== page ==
Chris Ubosi, born in Â Â Â Nsukka,Â moved to Lagos very early Â Â Â Â Â Â in life. He studied at Saint Maryâ€™s Private School,Â Maryland, Federal Government College, Ijanikin. He has two degrees, one from the University of Ife and the other from the University of Lagos.Â
His first degree was in Quantity Surveying and the Masters in project management from the University of Lagos. He worked with the AIM Groups. Initially, it was into architecture and Engineering but moved on to broadcasting when it incorporated Steam Broadcasting and established Cool FM and Wazobia FM.
He worked as the deputy managing director of the company for 20 years and left to start Megaletrics Limited, which did a lot of radio consulting for the Federal Government, for stations in Nairobi, andÂ Ghana, and then just recently started Beat FM and Classic FM.
There are very few persons in this country that will work for a man for 20 years. What kept you so long?
Iâ€™m very close to Amin, and I was happy. We had a very good relationship,and still maintain theÂ Â good relationship.There was no need not to work there.
Quantity Surveying. Broadcasting? Where is the bridge?
To study Quantity SurveyingÂ was a decision I took when I was 14.Â I donâ€™t think you should be constrained for the rest of your life by the decision you took when you were barely at age of puberty.
I decided to study Quantity Surveying because my uncle was a quantity surveyor, and I liked him a lot. Be that as it may, Iâ€™m still very active in quantity survey and construction management because I run a construction company.Â Iâ€™ve never really left that.
In my life, Iâ€™ve done a whole lot of business. Iâ€™ve traded in crude oil, been involved in building, project management, setting up of retail outlets, a whole lot of things.
Radio came about because in 1992, there was the deregulation of the broadcast sector in Nigeria. Private broadcast was introduced and, when you have a cross-over advantage, you want to take advantage of that, and that was how I got into broadcasting.
In everything I get involved, I tried to achieve a top-of-the-class knowledge and, that was what I did in broadcasting. I had more training. I attended more seminars, delivered lectures in the industry.
I was part of the Federal Governmentâ€™s committee on the issue of Mass Communication Nationwide Policy in 2002. So I have been involved in the industry.
Before now you didnâ€™t have love for radio?
I had a love for show business, and radio was just the legal way to go into show business.Â I ended up loving it a lot more than I thought I would. I will say radio is my first love ,but construction is still there. They are like twins to me.
You said you had a lot of love for show business. Is the love still there?
Yes, I love show business. I like the vibrancy of it. I like the long regular hours of it too. Youâ€™re in the industry. So, you know some days, you will not sleep for two or three days because you have to achieve a deadline.
I remember when we used to do shows and the artistes would be stuck in the airport somewhere. And you couldnâ€™t sleep until heâ€™s boarded the flight. You need to arrange the musical sets, arrange hotel accommodation, events venue, you know.
Thatâ€™s the kind of thing I like about it. It fits my personality.
How are you able to marry the two since both are time-consuming: showbiz, radio and quantity surveying?
Iâ€™m always the first to admit that the best thing to do is to get the best possible help. My construction company is moving because I have Italian partners and I just oversee. And itâ€™s just like the way I have very capable hands running the radio stations and I oversee.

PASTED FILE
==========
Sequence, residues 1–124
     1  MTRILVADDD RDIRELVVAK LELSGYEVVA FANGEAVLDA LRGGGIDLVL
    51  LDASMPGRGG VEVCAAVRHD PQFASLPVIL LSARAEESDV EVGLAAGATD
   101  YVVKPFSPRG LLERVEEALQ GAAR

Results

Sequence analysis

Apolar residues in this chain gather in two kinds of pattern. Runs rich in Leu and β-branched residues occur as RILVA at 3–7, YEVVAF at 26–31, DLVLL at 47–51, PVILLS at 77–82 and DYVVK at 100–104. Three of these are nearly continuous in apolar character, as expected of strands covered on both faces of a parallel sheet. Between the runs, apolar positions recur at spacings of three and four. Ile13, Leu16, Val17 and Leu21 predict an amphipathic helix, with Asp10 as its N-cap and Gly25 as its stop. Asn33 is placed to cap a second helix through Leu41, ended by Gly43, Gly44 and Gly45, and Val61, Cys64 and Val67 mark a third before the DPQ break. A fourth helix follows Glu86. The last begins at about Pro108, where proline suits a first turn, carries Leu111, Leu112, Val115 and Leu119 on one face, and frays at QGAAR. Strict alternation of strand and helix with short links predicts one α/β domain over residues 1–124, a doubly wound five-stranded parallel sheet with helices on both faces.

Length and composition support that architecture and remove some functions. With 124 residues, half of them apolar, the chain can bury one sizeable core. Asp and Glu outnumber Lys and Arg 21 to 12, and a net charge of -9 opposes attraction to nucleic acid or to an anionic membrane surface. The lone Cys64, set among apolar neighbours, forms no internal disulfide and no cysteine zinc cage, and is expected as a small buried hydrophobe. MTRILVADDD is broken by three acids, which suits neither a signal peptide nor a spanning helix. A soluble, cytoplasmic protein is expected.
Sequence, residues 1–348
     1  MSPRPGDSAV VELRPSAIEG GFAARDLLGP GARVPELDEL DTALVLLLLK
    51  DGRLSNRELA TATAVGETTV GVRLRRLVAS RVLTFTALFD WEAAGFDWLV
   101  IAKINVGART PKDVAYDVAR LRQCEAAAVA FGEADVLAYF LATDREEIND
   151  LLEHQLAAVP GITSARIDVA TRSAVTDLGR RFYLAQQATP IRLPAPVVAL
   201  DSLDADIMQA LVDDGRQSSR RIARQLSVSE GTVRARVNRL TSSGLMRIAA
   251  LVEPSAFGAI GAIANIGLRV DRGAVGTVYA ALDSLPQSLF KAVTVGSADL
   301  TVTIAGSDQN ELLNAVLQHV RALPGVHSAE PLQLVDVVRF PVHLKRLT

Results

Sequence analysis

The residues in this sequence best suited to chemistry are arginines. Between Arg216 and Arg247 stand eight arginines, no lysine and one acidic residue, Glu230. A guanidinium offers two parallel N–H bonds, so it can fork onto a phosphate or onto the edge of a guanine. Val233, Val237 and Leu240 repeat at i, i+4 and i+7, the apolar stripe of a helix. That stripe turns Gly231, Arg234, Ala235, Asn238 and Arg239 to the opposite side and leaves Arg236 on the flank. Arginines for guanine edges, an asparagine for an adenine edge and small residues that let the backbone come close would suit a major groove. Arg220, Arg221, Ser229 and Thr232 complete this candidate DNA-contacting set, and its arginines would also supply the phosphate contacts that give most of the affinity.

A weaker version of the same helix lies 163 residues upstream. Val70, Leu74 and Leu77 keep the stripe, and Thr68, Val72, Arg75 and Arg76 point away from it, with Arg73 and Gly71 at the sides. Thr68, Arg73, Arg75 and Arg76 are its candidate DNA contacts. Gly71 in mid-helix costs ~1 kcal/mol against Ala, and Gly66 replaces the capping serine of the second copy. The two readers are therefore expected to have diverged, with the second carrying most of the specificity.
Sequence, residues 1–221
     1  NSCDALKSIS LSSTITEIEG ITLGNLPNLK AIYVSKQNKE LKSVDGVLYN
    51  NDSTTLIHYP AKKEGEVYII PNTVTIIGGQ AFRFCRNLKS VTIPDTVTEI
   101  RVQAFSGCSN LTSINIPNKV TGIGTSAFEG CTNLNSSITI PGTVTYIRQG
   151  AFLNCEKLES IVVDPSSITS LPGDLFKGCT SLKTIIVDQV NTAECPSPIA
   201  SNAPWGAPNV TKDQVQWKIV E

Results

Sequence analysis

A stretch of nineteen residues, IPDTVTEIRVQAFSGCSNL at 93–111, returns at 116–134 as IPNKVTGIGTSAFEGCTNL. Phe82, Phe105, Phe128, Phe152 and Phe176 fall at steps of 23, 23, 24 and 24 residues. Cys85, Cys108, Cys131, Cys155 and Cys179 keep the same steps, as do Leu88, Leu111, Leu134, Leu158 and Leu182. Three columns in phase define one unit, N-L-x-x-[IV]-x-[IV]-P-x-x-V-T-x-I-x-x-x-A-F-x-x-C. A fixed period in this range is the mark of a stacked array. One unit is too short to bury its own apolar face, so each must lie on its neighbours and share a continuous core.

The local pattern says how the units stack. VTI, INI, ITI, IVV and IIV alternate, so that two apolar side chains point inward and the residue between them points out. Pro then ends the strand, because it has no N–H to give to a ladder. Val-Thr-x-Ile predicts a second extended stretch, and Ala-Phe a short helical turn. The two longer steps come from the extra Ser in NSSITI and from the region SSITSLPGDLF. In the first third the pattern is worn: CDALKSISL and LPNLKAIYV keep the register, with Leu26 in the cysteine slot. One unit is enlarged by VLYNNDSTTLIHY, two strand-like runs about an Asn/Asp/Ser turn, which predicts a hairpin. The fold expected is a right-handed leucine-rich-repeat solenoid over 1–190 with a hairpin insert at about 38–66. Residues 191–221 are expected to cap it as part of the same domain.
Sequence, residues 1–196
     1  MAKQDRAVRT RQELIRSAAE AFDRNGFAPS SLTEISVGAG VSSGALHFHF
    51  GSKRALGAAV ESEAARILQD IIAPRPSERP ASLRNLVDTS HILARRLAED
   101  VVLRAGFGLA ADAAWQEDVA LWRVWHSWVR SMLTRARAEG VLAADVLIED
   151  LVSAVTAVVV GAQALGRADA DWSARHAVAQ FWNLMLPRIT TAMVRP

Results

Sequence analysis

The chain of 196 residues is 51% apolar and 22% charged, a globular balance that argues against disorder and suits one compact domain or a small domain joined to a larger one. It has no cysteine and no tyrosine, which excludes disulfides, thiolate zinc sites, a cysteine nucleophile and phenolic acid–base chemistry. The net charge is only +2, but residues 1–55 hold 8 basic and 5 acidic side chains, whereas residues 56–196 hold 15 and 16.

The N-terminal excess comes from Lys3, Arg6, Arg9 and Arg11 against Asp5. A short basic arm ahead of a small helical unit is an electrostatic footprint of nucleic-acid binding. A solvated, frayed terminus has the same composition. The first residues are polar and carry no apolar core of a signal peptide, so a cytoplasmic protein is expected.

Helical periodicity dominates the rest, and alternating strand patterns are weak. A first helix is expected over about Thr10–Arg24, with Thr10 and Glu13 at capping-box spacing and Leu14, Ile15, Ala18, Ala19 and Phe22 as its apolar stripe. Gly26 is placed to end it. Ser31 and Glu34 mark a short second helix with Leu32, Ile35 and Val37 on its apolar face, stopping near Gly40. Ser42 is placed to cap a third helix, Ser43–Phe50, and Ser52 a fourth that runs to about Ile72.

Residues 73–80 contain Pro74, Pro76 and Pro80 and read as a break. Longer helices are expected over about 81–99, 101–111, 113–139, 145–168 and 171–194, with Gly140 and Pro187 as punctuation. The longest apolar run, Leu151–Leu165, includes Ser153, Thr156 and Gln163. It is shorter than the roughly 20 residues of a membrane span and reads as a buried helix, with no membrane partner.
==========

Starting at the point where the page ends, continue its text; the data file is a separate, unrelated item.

Iâ€™m involved in it day to day. I attend all my tight schedules. I attend all my broadcastersâ€™ meetings. I just came back from the UK where we negotiated for the two concerts we are planning in January. For our Classic FM listeners, weâ€™re doing concerts with one of the major old school bands, and then weâ€™re doing a really big party.
And artisteâ€™s name?
Itâ€™s best not to, before people go and harass them and theyâ€™ll go and increase my price. And for Beats FM, weâ€™re doing a really big party with some of the top range artistes.
As a broadcaster, how was it in the beginning?
Wonderful! Donâ€™t forget I had a three or four head start before the deregulation, and before we finally started. So, in that time, I schooled myself.Â I worked in various radio stations across the world when I went on holidays. I attended seminars. I attended short courses. So, I was ready.
What were the initial challenges when you worked in radio stations, particularly the likes of Cool FM?
Cool FM is very much like what weâ€™re doing at the Classic and the Beat. When we started Cool FM, my friends told me that I was crazy.Â â€œChris, it will never work, and where do you think you are?â€ But Iâ€™ve seen it work in all parts of the world and I knew the model would work here, which is just like Classic and Beat.
Iâ€™ve seen the models work. Iâ€™ve researched on it extensively, using Nigerian parameters and thatâ€™s why weâ€™re flying with success.
Are we doing enough in radio broadcasting in Nigeria?
It depends on how you say it becauseÂ there are so many radio stations in Nigeria now. So, thereâ€™s no more the short gun approach.
You have to zero in on your target. You can no longer stand and shoot as if everything goes. You have to start to specialise and thatâ€™s what we are trying to do.
We have the Classic for the older people and, the Beat FM for the young people.
Itâ€™s like CNN. You want to listen to news? Listen to CNN. You want to watch sports?
You need to watch HiTV. You want to watch Nigerian movies? Watch Africa magic and HI Nolly.
Like my presenters now, weâ€™ve been on for only six months and two of them are up for the Features Award already, and weâ€™re only six months. Thatâ€™s because we were focussed all through the orientation, training, branding and induction period. It was to imbibe in them our target audience and theyâ€™re focused on these people.
So, you decided to leave Cool FM to set up your own?
Yes, I did. There was no doubt I was happy but Iâ€˜ve always wanted to step it up. It was not that Cool FM wasnâ€™t doing well. They will continue to do well because the platform is there.
But I wanted to do something different, which is why Classic and Beats are here. They are completely different from any other radio stations in town.